According to a recent article, new evidence finds that acupuncture and Chinese herbal medicine is very effective in the treatment of menstrual pain.
Ze XieOne study reveals a popular herbal medicine for the relief of cramping and pain. Another study found acupuncture as effective as non-steroidal anti-inflammatory drugs (NSAIDs) for menstrual related pain. The first and most recent study on Traditional Chinese Medicine (TCM) for the treatment of menstrual discomfort was conducted in Taiwan.
This new study finds Dan Gui Shao Yao San the primary herbal formula consumed in Taiwan for the treatment of primary dysmenorrhea. This type of dysmenorrhea is characterized by lower abdominal cramping and pain prior or during menstruation and is not due to endometriosis. Approximately 53% of Taiwanese women with primary dysmenorrhea use Traditional Chinese Medicine (TCM) and over 90% of this group sought the relief of menstruation related pain. The study notes that Dan Gui Shao Yao San is the most commonly prescribed herbal formula for this condition and it contains both “sedative and anti-inflammatory agents.” Continue reading
A new study finds acupuncture effective for the treatment of breast cancer drug treatment side effects.
The study focuses on acupuncture for the relief of symptoms due to aromatase inhibitor treatment intake. The researchers noted two interesting findings. First, acupuncture is statistically more effective than clonidine for the treatment of hot flashes due to breast cancer treatment. Secondly, statistical differences between sham acupuncture and real acupuncture did not exist in some quality of life measures determined by questionnaires to participants. Oddly, the publication makes no mention of acupuncture needle techniques, types, brands, lengths, gauges, insertion angles and insertion depths.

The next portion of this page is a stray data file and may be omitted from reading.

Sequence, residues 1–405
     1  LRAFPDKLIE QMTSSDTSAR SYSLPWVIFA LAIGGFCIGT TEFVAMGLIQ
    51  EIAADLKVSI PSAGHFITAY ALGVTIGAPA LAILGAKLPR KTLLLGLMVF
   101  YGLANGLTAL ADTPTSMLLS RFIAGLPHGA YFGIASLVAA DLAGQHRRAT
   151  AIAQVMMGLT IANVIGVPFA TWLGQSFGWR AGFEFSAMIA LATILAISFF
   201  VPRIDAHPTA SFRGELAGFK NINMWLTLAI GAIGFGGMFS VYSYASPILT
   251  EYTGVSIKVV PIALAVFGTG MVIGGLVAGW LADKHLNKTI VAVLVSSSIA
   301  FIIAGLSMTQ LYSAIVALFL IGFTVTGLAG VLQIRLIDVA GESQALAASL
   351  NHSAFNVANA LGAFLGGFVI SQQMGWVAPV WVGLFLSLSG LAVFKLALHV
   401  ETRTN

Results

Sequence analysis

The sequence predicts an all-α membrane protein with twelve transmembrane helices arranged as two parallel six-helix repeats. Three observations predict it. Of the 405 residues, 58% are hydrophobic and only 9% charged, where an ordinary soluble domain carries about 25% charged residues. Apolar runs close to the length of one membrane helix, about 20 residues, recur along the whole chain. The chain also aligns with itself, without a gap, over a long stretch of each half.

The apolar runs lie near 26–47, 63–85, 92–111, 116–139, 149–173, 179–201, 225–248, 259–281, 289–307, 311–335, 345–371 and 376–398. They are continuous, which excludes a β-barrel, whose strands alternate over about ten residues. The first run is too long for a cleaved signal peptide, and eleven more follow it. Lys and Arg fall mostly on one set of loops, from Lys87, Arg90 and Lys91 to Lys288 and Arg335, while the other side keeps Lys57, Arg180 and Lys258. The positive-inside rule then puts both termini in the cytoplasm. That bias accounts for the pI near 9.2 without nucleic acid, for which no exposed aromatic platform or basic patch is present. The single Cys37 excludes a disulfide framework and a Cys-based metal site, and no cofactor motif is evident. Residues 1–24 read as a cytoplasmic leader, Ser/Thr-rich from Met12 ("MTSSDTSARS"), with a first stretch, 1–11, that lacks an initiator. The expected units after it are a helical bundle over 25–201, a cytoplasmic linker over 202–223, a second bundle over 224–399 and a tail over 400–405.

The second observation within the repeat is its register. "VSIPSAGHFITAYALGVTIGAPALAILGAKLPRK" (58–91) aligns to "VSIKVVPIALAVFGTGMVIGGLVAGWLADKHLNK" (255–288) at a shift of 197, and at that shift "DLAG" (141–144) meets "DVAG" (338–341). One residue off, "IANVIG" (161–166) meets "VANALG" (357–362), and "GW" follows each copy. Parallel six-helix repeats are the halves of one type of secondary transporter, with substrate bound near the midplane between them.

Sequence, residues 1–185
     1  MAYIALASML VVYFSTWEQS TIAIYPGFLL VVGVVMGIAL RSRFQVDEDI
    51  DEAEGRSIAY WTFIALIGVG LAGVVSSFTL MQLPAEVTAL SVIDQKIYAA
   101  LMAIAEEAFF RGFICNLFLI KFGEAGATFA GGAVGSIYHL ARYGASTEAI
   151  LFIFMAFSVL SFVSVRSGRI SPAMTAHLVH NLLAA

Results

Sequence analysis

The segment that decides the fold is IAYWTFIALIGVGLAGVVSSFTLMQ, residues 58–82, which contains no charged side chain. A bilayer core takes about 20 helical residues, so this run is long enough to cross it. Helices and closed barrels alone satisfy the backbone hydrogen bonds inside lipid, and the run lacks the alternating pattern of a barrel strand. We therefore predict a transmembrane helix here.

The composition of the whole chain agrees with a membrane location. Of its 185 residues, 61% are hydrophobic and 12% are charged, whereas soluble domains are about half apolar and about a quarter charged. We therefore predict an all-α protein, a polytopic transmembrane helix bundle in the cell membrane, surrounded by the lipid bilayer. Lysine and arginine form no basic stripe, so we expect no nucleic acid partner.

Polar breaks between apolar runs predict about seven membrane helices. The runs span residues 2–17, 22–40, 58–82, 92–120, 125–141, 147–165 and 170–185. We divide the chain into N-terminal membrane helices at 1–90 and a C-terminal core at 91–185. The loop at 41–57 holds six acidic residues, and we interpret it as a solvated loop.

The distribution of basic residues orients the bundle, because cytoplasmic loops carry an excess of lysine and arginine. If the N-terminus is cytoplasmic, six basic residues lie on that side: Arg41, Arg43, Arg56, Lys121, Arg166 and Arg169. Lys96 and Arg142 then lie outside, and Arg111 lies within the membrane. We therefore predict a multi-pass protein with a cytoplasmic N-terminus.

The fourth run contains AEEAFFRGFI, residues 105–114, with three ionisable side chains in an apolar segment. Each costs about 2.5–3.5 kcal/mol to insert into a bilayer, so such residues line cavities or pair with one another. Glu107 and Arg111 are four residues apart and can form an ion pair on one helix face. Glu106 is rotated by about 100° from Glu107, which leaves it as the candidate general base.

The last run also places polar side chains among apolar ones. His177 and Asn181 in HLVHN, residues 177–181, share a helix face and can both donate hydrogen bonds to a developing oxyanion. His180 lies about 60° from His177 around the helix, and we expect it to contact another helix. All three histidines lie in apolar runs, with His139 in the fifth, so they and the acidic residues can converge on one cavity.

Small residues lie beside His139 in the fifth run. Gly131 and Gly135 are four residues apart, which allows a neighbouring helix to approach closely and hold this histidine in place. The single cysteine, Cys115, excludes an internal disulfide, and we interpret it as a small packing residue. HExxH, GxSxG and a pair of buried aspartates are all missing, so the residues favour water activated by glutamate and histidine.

Real acupuncture produced a mean reduction of 37% for hot flashes. The researchers note that this is superior to the 20% reduction achieved by the pharmaceutical drug clonidine but less than that achieved by paroxetine (45.6%). The researchers note that acupuncture, unlike the medications reviewed, “was not associated with any significant side effects, whereas clonidine and antidepressants were associated with multiple side effects….” Continue reading
Acupuncture has increasingly gained popularity with people looking for alternate methods to eradicate pain without the use of medicine.
Acupuncture can work for many injuries and is highly recommended by many people who have used it for pain like pain in the neck, back, arthritis and the lower back . Most people assume that alternate methods of therapy that don’t involve taking medicine or having surgery is relatively safer and its potential to do harm would be more negligible than regular medical treatments. It is also seen as a less expensive alternative to modern medicine and treatments. Continue reading
I recently attended a hugely successful national seminar entitled: ‘Migraine and Well-Being: Approaches to Migraine Management’.
The seminar was held in Dublin in association with Migraine Action Week 2012 and was attended by over one hundred people, including lead specialists, acupuncturists, and GPs.
Here is a short summary of the highlights and shared findings of the day’s events. Continue reading
A new study (released on HealthCMI.com) of 236 patients published in the Journal of Musculoskeletal Pain concludes that acupuncture is an effective treatment modality for the relief of lower Acupuncture at LI4back pain. A total of 14 acupuncture treatments were applied over a period of four weeks in this randomized investigation. The researchers concluded that acupuncture has “beneficial and persistent effectiveness against CLBP (chronic lower back pain).” Continue reading